Rotating Leaderboard Ad – Top
Rotating Leaderboard Ad – Top
Rotating Leaderboard Ad – Top
Rotating Leaderboard Ad – Top

Judge David Garcia – Bringing common sense to the courtroom

Post Ad – Top

Denton County Criminal Court Judges handle Misdemeanor crimes and in some cases DWI’s that have reached the level of felonies. Hence, one of the first questions I asked of Judge David Garcia was his opinion of the light sentence rendered by a Texas judge to a 16-year-old from a wealthy family who was convicted of killing four people in a drunk-driving accident.

It has become known as the “Affluenza defense” because it was argued that the boy was spoiled as a result of being given everything he wanted by his rich parents.

“Part of a judge’s role is to make decisions that help to rehabilitate offenders. However, in order for a person to be fully rehabilitated, there must be consequences to the act that broke the law,” Garcia said. “If someone is found guilty of a serious crime, simply letting them go with a slap on the wrist will not teach them anything. Experience has shown that merely ordering rehab for someone doesn’t work. Jail time will make them understand the consequences of their actions.”

Garcia went on to say that judges represent the law for the entire community and the decisions they make should be consistent for everyone, rich or poor. Although that may sound like something every judge would agree with, it’s evident that one Texas judge didn’t see it that way.

Nevertheless, the time I spent having lunch at my home with Judge Garcia convinced me that he means exactly what he says. David Garcia has served as the judge of the County Criminal Court #3 in Denton County since his appointment on September 1, 1997, just after the additional court was created to handle a huge backlog of cases. In 1998, he ran successfully for a full four-year term and has been reelected three more times. The criminal courts no longer have a backlog. 

Garcia received his JD from the University of Texas School of Law in 1984 and a BA from Texas Tech University in 1981. Prior to taking the bench, he was in private practice in Denton. He currently serves on the Court of Criminal Appeals Judicial Education Committee and the Judicial Advisory Board for the Texas Association for Court Administration. Moreover, he is a member of the Judicial Section of the State Bar of Texas, the Texas Association of County Court at Law Judges, the Denton County Bar Association, and the American Judge’s Association.

He also teaches a course at the College of Judges. This is a week-long course that’s given to new judges in order to familiarize them with how to prepare affidavits of blood evidence search warrants in DWI cases, which judges must sign in order for a technician to draw blood. “When we sign such a warrant, our goal is to ensure that there were reasonable grounds to believe a crime was committed,” he said. In a typical case, an officer will call the judge for an affidavit if a person is suspected of having alcohol in his system while driving, but refuses to take a breathalyzer test on the scene.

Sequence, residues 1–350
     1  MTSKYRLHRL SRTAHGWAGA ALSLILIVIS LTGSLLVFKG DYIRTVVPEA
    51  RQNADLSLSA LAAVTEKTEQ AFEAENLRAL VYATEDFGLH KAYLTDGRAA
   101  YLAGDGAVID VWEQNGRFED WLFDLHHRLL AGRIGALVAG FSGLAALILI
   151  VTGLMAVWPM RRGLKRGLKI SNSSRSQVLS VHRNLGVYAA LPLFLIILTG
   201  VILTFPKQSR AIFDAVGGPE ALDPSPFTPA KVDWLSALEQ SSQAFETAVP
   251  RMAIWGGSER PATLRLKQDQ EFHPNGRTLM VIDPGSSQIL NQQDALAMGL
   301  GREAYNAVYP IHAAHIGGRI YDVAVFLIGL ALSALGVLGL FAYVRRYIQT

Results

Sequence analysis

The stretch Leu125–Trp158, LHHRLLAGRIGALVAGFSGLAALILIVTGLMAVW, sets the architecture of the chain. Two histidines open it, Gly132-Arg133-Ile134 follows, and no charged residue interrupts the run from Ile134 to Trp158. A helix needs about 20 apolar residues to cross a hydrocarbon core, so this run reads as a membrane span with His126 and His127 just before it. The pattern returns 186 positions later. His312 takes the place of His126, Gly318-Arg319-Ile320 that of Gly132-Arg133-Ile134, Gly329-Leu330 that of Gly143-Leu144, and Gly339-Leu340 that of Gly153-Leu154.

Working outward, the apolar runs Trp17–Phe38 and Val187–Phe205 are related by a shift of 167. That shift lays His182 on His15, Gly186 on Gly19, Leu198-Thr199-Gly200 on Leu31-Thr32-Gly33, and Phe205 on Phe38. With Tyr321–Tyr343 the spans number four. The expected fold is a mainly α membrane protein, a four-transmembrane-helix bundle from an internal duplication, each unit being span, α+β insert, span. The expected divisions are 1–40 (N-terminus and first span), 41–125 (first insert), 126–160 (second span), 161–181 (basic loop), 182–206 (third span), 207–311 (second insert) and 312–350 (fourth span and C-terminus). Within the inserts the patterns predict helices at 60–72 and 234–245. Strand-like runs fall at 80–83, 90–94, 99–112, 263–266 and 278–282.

It’s quite evident that Judge Garcia is very proud when he speaks of his role in the Denton County Veterans Treatment Court Program (VTCP). The Court is a treatment and supervision program designed to help our combat veterans returning from overseas deal with Post Traumatic Stress Syndrome (PTSD) and other combat related mental issues that have led to their entry into the criminal justice system. The purpose and hope of the program is to identify those veterans who can and want to be helped.  If successful through intensive court supervision, the veteran will receive the treatment and counseling necessary to address the underlying mental and psychological problems that have contributed in some degree to the offense they are alleged to have committed.

Additionally, the District Attorney’s Office will dismiss their criminal case after they have successfully completed their court supervised treatment, thereby allowing them to clear their criminal record.  The objective is to allow the community as a whole to benefit by returning a veteran to society who will have the life skills necessary to deal with their PTSD related issues and avoid further problems with the law. “I volunteered to serve as the Veterans Court Judge and will supervise the process and the participating veterans. The supervision is intensive to ensure that they are following their treatment plans and that the safety of the community is protected. It is not a ‘get out of jail free’ card, nor is it easier than probation.  It is a comprehensive and coordinated program to assist the veteran in getting help for the issues that led to the criminal activity,” Garcia said, adding, “These veterans have sacrificed so much for us. We need to help them make the necessary adjustment after the trauma of combat.”

Judge Garcia is running for reelection in the March 4, 2014 Republican primary.

Bob Weir is a long-time Flower Mound resident and former local newspaper editor. In addition, Bob has 7 published books that include “Murder in Black and White,” “City to Die For,” “Powers that Be,” “Ruthie’s Kids,” “Deadly to Love,” “Short Stories of Life and Death” and “Out of Sight,” all of which can be found on Amazon.com and other major online bookstores.

 

 

Content Ad – Middle (Bottom of Posts)

About The Author

Related posts

Content Ad Front Page – Top